Computer Crime Research Center


Morocco teen hacker

Date: September 18, 2006

Morocco's most internationally famous criminal of late is not a terrorist or serial killer, but a young man with a knack for computers.

The conviction this week of a Moroccan science student for unleashing the Zotob worm that ravaged U.S. computer networks last year could even be cast as proof that this agriculture-dependent, unemployment-plagued nation is making its mark on the digital world.

In August 2005, Zotob crashed computers across the United States, including those of The Associated Press, The New York Times and other media organizations; companies such as heavy-equipment maker Caterpillar; and the U.S. Immigration and Customs Enforcement bureau.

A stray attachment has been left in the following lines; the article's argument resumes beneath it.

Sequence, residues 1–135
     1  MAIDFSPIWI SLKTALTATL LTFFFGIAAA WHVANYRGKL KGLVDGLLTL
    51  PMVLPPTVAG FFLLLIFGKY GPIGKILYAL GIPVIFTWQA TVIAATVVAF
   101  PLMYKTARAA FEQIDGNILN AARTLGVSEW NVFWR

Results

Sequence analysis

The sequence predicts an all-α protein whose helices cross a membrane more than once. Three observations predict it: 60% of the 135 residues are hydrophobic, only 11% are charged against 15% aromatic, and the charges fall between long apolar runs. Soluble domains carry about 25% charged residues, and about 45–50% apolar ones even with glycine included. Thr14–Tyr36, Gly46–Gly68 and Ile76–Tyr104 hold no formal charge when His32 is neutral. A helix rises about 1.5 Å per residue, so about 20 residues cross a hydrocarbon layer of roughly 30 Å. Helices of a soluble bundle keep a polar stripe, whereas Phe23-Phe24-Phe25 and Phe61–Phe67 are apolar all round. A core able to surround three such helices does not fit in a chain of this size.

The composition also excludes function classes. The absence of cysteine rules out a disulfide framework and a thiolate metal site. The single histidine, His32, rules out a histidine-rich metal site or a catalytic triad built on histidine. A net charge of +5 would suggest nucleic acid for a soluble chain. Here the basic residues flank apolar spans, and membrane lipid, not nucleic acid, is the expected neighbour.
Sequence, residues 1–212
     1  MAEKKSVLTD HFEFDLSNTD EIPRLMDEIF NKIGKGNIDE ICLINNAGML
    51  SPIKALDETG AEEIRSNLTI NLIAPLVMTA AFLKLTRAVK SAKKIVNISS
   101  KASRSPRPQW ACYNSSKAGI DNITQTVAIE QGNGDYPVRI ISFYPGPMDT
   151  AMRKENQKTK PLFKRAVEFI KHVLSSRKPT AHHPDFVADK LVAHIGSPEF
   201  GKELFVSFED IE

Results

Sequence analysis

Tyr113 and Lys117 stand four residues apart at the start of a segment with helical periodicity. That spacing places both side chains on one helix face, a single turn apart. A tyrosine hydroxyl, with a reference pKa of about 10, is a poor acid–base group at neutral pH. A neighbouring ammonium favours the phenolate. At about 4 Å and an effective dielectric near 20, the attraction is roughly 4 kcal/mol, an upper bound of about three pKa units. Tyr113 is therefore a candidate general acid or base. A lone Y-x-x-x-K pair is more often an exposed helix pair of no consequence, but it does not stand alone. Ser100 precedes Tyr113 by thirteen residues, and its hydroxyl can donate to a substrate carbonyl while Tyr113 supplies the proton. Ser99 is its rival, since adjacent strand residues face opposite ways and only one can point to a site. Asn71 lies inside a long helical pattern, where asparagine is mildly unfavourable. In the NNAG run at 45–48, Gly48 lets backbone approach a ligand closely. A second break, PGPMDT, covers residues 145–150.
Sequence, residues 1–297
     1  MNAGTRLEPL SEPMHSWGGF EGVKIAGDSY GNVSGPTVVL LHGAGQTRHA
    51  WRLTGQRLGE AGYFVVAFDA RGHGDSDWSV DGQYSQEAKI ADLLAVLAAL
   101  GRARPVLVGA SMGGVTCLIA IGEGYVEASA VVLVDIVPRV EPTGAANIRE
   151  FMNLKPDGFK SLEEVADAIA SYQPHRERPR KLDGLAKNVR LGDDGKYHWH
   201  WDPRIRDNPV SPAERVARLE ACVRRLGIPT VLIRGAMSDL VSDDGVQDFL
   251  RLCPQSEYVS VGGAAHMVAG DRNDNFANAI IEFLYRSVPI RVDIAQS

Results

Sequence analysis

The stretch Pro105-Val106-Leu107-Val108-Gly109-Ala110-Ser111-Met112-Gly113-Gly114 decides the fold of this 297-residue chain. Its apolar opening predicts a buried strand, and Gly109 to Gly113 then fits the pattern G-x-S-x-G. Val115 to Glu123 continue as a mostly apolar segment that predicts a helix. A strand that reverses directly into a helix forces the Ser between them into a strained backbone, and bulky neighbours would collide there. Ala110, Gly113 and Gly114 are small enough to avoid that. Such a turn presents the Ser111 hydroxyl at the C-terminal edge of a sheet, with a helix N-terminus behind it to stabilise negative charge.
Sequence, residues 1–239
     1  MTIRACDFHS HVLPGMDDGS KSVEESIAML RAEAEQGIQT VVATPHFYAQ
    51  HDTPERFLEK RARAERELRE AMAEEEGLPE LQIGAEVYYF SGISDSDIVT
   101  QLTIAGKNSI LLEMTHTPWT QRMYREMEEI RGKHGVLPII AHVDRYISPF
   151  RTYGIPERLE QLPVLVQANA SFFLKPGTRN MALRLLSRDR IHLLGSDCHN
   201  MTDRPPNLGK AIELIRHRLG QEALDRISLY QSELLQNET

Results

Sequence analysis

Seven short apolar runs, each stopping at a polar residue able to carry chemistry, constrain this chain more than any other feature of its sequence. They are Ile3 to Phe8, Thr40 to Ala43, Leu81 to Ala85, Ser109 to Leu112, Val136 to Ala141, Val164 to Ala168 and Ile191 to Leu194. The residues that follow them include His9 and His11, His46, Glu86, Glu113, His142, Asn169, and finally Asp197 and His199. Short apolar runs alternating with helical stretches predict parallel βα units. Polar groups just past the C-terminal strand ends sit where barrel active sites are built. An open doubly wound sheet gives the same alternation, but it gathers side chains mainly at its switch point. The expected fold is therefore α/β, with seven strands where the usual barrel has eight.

Farid Essebar, then 18, was arrested soon afterward along with accomplices in Morocco and Turkey in a sweep by U.S., Moroccan and Turkish police. On Tuesday a court in Sale, near the capital, Rabat, sentenced him to two years in prison and gave his friend Achraf Bahloul one year.

While few Moroccans are willing to defend Essebar's flagrantly criminal hacking feat, many see it as evidence that their country is making the leap to computer literacy.
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